- As states like Virginia enact their own digital privacy laws in the absence of federal regulation, Democratic Rep. Suzan DelBene, D-Wash., is reintroducing a bill aimed at creating a national standard for digital privacy rights.
- DelBene's bill would preempt state laws to create a uniform standard across the U.S.
- That sets her proposal apart from several other Democratic bills that explicitly allow for states to have their own digital privacy laws so that they may build on the protections of a federal standard.
As states move forward with their own digital privacy laws in the absence of federal regulation, Rep. Suzan DelBene, D-Wash., is reintroducing a bill aimed at creating a national standard for digital privacy rights.
The bill comes about a week after Virginia's governor signed the state's own privacy legislation into law, making it the second state in the nation after California to ensure such rights. But DelBene's bill would preempt it and other state laws to create a uniform standard across the U.S.
That sets her proposal apart from several other Democratic bills that explicitly allow for states to have their own digital privacy laws so that they may build on the protections of a federal standard. But DelBene stressed in a virtual meeting with reporters last month that a state-by-state decision would be too confusing and onerous for both consumers and small businesses.
"I understand why states are moving forward in the absence of the federal government moving, but I think it is much better to have a federal law versus a patchwork of laws," she said, adding that small businesses that don't work strictly in the tech space will also be subject to the same data protection standards for their customers. That includes companies like those that process credit card transactions and have online storefronts.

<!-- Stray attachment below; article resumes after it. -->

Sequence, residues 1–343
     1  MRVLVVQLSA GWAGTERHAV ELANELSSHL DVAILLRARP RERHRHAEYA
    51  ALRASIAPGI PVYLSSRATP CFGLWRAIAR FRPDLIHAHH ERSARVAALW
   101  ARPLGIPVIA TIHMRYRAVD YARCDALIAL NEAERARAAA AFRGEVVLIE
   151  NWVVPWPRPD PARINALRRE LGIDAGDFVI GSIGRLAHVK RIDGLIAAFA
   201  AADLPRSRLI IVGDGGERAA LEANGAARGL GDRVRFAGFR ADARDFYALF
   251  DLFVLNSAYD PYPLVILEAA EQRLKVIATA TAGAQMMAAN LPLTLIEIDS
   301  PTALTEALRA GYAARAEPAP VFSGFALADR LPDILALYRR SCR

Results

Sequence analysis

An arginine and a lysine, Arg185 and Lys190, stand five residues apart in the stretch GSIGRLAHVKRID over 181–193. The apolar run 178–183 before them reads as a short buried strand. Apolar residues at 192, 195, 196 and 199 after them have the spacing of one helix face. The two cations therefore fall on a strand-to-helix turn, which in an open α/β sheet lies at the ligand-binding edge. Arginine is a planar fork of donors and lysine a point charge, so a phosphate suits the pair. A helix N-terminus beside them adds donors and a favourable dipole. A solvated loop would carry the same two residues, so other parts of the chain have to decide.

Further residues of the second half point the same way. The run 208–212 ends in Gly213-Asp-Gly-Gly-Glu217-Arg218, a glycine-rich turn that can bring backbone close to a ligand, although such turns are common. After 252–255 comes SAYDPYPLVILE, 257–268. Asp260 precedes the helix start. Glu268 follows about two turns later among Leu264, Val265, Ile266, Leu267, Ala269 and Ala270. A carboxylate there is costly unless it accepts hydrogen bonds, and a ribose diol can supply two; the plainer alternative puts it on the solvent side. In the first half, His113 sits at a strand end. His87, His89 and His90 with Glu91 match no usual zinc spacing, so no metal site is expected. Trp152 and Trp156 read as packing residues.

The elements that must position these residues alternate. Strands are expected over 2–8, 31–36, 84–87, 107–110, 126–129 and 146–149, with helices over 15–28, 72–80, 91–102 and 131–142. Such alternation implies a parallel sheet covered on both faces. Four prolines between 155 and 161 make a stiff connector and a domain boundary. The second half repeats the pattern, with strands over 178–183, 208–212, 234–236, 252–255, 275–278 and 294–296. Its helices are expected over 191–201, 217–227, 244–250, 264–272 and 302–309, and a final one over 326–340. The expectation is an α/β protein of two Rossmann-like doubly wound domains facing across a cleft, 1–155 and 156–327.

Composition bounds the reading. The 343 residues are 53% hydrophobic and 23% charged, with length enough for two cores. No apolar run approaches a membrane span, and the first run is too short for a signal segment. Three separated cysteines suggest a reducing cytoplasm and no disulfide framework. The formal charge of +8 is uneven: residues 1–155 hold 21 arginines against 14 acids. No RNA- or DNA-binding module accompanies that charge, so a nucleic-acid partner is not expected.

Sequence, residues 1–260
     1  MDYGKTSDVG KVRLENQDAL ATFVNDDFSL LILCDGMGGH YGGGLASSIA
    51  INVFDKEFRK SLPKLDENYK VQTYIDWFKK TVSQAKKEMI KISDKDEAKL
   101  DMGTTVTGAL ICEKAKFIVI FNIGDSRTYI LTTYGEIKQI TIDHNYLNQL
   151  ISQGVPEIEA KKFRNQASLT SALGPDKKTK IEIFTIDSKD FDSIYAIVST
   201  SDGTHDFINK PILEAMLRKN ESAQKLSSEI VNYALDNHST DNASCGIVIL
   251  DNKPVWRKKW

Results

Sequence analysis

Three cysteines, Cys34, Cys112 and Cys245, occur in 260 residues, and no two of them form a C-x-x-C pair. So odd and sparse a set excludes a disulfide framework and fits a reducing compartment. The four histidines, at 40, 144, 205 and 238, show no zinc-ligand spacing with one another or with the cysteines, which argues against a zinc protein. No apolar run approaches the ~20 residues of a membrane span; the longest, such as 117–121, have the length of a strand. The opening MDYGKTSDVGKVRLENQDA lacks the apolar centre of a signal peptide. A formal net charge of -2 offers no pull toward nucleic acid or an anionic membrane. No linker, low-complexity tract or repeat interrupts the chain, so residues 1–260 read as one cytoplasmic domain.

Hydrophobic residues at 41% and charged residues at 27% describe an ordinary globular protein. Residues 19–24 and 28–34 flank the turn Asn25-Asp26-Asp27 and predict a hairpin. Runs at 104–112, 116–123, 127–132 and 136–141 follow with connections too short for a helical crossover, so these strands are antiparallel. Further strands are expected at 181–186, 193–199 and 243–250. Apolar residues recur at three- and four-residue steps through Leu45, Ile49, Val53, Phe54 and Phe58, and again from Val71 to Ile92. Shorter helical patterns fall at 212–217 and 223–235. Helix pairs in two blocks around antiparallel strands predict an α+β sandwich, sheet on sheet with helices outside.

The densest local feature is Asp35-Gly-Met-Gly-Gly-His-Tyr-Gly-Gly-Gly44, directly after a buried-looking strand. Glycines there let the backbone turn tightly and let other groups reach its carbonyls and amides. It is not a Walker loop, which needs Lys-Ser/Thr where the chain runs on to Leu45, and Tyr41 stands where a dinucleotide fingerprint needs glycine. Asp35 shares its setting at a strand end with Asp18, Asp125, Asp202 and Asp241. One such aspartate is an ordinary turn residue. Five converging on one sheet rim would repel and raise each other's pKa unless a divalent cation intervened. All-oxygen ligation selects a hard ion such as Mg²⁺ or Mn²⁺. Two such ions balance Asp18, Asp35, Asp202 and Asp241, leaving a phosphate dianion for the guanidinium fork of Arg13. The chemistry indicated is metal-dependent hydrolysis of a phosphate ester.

DelBene's bill seeks to preserve room for innovation and for emerging businesses to grow by exempting small businesses from regular audits of their privacy practices. DelBene's staff based the threshold off of real-world data with the idea that a small local coffee shop shouldn't necessarily be subject to a burdensome audit.
The bill is fairly focused on the most essential privacy protections, with stricter guidelines for sensitive data like Social Security numbers and health data than for less sensitive information like names and emails. For example, under the bill, consumers must explicitly opt in to allowing a company to sell or share their sensitive personal information, while they can opt out of the sharing of their nonsensitive personal information.
DelBene said the tight focus was intentional, emphasizing that the law should serve as a baseline that can be built upon with more targeted bills covering artificial intelligence, facial recognition technology and more.
The U.S. is playing catch-up to Europe on privacy and must set its own standards to get there, she said.
"If we're going to help set global standards, we have to have a domestic policy, and in the absence of domestic policy [it's] unclear what we're striving for internationally," she said. "I think privacy is foundational and if we don't have privacy legislation in place it's hard to think about how we add on top of this and start to address a wide array of areas."
Since the bill was first introduced in 2019, DelBene made several changes based on feedback from key stakeholders. Those include adding immigration and citizen status as well as mental and physical health diagnoses under the definition of sensitive personal information and changing privacy audits from every year to every two years.
The new version also significantly ramps up resources for the Federal Trade Commission, which would be tasked with enforcing the law. This iteration would allow the FTC to hire 500 new full-time employees focused on privacy and security, rather than 50, and increase funding for its enforcement from $35 million to $350 million.
DelBene said she's optimistic that Congress will pass digital privacy legislation soon, but she also said she's aware there are plenty of other straightforward bills that still haven't made it through.
"I'm hopeful we can make it happen this Congress," she said. "And if we don't we will see more states make a different challenge for ourselves in terms of trying to rationalize all of that going forward."